'The Madhya Pradesh Freedom of Religion Bill, 2020' which provides for up to 10 years in jail for conversion 'through marriage or by any other fraudulent means' got the state cabinet's approval on Saturday, State Home Minister Narottam Mishra said.
The bill in some ways is similar to the Prohibition of Unlawful Conversion of Religion Ordinance, 2020, notified by the Bharatiya Janata Party government in Uttar Pradesh last month, which too provides for maximum punishment of 10 years for fraudulent conversions including those for the sake of marriage.
Mishra claimed that once enacted, the law in MP will be the most stringent in the country.
Offences under the proposed law will be cognisable and non-bailable. The bill, which seeks to replace the Religious Freedom Act of 1968, will be tabled in the Madhya Pradesh Assembly, Mishra said.
"The new legislation will prohibit religious conversion or such efforts by misrepresentation, allurement, force, undue influence, coercion, marriage or any other fraudulent means. Abetment and conspiracy for religious conversion will also be prohibited under it," he said.
In another similarity to the Uttar Pradesh anti-conversion ordinance, any marriage solemnized in violation of the proposed law will be considered null and void.
Those willing to convert will need to apply to the district administration 60 days in advance.
The religious leaders facilitating the conversion will also have to inform about it 60 days in advance.
Violation of these provisions would attract jail term of three to five years and fine of Rs 50,000, the minister said.
In cases of religious conversion of members of Scheduled Castes, Scheduled Tribes and minors, a provision has been made for imprisonment of two to ten years in jail and Rs 50,000 fine, he said.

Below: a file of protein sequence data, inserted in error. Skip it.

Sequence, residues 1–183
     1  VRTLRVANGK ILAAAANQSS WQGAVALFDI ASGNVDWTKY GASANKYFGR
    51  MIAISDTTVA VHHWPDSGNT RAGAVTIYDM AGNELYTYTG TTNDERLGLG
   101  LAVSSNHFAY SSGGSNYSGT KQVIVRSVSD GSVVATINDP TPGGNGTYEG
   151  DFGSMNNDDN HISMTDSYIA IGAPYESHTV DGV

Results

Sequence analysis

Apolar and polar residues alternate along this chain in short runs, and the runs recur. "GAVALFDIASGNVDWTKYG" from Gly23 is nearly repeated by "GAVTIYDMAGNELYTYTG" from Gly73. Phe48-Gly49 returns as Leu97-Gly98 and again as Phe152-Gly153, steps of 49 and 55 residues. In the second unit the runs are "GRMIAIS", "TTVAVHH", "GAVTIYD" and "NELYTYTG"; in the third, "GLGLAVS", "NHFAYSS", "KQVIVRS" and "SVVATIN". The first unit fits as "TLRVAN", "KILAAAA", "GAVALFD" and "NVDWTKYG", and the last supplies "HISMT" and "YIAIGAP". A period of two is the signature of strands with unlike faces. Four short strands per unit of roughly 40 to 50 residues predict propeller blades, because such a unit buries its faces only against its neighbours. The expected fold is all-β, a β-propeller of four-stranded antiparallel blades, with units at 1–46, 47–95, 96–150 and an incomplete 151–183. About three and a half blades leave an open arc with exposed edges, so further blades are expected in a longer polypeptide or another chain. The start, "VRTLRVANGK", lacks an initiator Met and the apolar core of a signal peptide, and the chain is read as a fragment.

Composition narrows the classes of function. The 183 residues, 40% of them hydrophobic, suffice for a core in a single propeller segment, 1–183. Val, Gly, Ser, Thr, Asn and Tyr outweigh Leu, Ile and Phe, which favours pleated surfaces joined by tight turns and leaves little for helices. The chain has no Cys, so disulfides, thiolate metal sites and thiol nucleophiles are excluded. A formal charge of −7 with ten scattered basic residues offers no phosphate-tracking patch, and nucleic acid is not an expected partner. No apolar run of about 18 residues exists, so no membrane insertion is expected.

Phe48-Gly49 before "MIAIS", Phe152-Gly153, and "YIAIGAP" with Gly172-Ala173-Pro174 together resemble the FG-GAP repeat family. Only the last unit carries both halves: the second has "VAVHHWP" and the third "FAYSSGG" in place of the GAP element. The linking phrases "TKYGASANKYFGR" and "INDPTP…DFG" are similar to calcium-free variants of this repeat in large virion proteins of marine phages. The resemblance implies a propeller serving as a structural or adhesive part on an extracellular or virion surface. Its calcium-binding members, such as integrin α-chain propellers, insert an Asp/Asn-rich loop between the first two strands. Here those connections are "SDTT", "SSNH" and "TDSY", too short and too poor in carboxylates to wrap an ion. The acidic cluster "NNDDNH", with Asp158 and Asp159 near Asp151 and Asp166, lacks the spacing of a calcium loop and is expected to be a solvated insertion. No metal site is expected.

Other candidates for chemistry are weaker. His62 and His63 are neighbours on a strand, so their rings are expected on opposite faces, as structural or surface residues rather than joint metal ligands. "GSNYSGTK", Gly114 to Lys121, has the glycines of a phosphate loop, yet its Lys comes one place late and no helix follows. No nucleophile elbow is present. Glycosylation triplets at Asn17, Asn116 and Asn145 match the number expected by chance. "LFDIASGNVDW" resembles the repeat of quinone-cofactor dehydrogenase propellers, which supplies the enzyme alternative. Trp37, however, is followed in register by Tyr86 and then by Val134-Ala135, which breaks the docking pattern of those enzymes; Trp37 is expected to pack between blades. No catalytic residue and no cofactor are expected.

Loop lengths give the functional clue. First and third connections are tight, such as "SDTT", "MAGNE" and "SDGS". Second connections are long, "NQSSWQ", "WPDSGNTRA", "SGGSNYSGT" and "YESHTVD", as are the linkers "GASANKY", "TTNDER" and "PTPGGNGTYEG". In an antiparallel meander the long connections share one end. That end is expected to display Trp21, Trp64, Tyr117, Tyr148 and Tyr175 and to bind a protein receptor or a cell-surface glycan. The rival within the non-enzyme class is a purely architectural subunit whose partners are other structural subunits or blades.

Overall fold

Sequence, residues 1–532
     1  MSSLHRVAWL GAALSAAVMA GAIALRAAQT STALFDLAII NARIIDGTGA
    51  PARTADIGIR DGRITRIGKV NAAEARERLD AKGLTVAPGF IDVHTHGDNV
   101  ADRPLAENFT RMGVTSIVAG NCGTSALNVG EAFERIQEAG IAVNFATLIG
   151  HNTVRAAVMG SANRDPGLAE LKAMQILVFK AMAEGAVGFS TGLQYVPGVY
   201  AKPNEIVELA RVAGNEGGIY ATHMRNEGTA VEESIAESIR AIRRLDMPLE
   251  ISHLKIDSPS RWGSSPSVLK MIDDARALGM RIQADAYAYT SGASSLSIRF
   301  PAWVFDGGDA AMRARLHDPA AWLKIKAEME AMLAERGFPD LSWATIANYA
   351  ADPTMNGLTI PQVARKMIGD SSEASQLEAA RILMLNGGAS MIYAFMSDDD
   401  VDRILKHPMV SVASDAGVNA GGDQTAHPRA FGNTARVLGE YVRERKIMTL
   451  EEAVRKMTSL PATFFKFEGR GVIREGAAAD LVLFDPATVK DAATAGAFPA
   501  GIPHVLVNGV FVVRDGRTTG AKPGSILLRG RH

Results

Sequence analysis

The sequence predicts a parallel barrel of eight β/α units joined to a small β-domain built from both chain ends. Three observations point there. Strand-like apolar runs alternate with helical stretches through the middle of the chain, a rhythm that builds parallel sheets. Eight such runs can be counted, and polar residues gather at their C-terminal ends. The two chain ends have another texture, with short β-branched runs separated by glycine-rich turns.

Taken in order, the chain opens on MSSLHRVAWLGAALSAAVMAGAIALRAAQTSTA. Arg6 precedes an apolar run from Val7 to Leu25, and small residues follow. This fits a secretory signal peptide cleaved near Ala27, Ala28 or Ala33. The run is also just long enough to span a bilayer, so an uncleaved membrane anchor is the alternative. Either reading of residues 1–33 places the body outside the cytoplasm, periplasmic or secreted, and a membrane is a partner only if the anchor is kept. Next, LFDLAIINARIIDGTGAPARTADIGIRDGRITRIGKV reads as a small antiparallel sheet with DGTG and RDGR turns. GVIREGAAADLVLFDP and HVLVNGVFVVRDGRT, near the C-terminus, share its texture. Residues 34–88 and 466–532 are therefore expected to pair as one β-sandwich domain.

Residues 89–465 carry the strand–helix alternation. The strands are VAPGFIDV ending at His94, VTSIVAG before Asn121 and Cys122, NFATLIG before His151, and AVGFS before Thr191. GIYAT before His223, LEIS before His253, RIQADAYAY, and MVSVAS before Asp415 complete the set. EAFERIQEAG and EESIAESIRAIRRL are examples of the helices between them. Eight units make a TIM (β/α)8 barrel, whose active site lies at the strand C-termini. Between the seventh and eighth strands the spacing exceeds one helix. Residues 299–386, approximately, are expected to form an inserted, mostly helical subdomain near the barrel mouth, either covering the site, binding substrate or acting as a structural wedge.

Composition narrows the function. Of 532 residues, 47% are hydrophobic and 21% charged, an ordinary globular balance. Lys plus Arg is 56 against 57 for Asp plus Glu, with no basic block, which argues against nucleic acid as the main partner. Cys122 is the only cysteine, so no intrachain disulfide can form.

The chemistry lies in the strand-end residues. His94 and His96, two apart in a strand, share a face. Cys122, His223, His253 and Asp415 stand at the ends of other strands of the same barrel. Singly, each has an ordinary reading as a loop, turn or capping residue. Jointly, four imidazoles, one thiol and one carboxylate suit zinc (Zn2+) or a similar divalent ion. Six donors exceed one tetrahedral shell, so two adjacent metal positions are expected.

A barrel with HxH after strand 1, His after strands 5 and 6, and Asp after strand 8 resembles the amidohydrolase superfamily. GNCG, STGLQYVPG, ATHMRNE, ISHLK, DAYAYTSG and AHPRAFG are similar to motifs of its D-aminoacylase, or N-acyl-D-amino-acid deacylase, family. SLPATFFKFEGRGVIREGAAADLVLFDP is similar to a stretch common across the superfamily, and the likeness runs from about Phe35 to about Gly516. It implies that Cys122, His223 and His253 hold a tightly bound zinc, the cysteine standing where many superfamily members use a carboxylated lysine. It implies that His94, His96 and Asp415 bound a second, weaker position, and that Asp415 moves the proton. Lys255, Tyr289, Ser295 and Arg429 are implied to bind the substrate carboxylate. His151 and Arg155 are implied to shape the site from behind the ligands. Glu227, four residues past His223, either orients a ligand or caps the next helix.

There is provision of three to ten years of imprisonment and fine of Rs 50,000 in cases of marriage carried out by hiding religion, misrepresentation or impersonation, he said.
In case of mass conversions (of two or more persons), a provision of five to ten years of imprisonment and minimum fine of Rs 1 lakh has been made, Mishra said.
Repeat offenders will face five to ten years of imprisonment, Mishra said, adding that the registration of any organisation involved in such violation would be canceled.
Religious conversion in violation of this law would be considered null and void, he said.
Parents, legal guardian or custodian and brothers and sisters of the converted person can lodge a complaint.
Offenses would be investigated by an officer not lower than sub-inspector's rank, and it would be the responsibility of the accused to prove his innocence, the minister said.
Under the UP ordinance too, onus of proving that conversion has been voluntary lies on the accused and the person who has been converted.
A child born to the victim women will be entitled to get maintenance under the proposed law. Such children would be entitled to inherit the father's properties too, Mishra said.
In UP, a PIL has been filed in the Allahabad high court challenging the ordinance, contending that it impinges upon the fundamental right to choice and right to change of faith.